104 at 7.

As noted, the agency assigned numeric scores on the basis of the number and quality of strengths and weaknesses found in each area for each proposal. The assignment of scores was based on the following definitions in the agency's source selection plan:

A proposal that convincingly demonstrates the offeror's ability to meet the Government's mission objectives, demonstrates few, if any, significant strengths, and shows few, if any significant weaknesses shall be deemed satisfactory [and therefore be assigned a score of 5].

A proposal that convincingly demonstrates the offeror's ability to meet and exceed the government's mission objectives, demonstrates several significant strengths, and shows only minor weaknesses shall be deemed very good [and therefore be assigned a score of 8].

A proposal that convincingly demonstrates the offeror's ability to meet and significantly exceed the Government's mission objectives, clearly demonstrates many significant strengths, and shows none or only minor weaknesses shall be deemed outstanding [and therefore be assigned a score of 10].

AR, exh. E-1, at 7.

As noted, JMTS asserts that 8 of the 10 weaknesses found in its technical approach were erroneous, and that an additional 5 strengths also should have been assigned. If JMTS's view prevailed, its technical approach would have been assigned 10strengths and 2 weaknesses. Based on the definitions quoted above, and considering the manner in which the agency applied those definitions in scoring the proposals based on their assigned strengths and weaknesses (which appears to be highly consistent among all proposals), we find that, with 10 strengths and 2weaknesses, the protester's proposal, at best, may have merited a score of 8 points (or the addition of 105 points to its total weighted score), rather than the 5 points assigned. In this connection, we note, for example, that Firm A's proposal received a rating of 8 with 14 strengths and 4weaknesses in the area of technical approach, as did Firm B's with 31 strengths and 1 weakness. (We note as well that the protester does not assert, and the record does not otherwise support the suggestion that the strengths (either found or alleged) were significant strengths that significantly exceed the government's mission objectives,' as required for the assignment of a score of 10.)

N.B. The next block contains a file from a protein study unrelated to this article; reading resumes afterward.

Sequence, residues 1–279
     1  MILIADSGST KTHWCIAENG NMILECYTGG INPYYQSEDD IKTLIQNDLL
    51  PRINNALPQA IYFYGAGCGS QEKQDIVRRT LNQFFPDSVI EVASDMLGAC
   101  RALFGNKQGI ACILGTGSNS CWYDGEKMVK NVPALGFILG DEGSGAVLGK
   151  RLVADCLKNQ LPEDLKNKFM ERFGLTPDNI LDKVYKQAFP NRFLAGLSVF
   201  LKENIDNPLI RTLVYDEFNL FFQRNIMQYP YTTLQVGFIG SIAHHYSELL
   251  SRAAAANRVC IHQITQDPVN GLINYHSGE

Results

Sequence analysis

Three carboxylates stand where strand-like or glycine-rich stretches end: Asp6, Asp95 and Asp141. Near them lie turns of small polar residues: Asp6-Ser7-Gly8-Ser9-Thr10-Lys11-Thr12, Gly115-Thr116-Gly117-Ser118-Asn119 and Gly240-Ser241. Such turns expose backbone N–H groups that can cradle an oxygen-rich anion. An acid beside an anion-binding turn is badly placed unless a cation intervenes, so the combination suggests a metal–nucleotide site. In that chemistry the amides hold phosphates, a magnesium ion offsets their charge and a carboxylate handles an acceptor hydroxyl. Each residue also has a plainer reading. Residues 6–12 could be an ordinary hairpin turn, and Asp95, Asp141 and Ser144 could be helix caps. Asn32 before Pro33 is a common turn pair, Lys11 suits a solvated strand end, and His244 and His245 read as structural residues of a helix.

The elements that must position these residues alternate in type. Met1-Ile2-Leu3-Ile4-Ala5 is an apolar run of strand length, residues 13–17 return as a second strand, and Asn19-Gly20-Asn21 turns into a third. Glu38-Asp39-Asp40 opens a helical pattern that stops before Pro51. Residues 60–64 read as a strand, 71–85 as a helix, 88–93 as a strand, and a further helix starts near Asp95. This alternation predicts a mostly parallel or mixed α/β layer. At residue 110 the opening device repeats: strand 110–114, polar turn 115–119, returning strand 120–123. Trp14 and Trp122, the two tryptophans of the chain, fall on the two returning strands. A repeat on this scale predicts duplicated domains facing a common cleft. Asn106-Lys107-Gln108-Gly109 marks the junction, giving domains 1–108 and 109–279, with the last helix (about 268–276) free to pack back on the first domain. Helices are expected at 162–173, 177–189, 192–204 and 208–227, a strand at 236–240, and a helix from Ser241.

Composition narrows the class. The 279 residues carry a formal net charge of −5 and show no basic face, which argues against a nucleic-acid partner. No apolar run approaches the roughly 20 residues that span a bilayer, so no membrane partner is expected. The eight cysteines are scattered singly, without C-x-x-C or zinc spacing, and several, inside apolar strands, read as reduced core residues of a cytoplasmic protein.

Similarly, in the management approach area, if we agreed with JMTS that the agency improperly identified 9 weaknesses in its proposal, it would have had 11 strengths and 0 weaknesses. Again, applying the definitions in the RFP, and considering the scoring of the other proposals in this area, it is clear that, with 11 strengths and 0 weaknesses, JMTS's proposal may have merited, at best, a score of 8 (increasing its total score by 60points), rather than the score of 5 that was assigned. A comparison to the agency's scoring of the other proposals in this area shows, for example, that Firm A's proposal was assigned a score of 8 in this area for 17 strengths and 3weaknesses, and assigned a score of 10 to Prologic's proposal for including 20strengths and only 1 weakness. (As in the technical approach area, JMTS does not allege that any of the identified strengths significantly exceed the RFP's requirements.)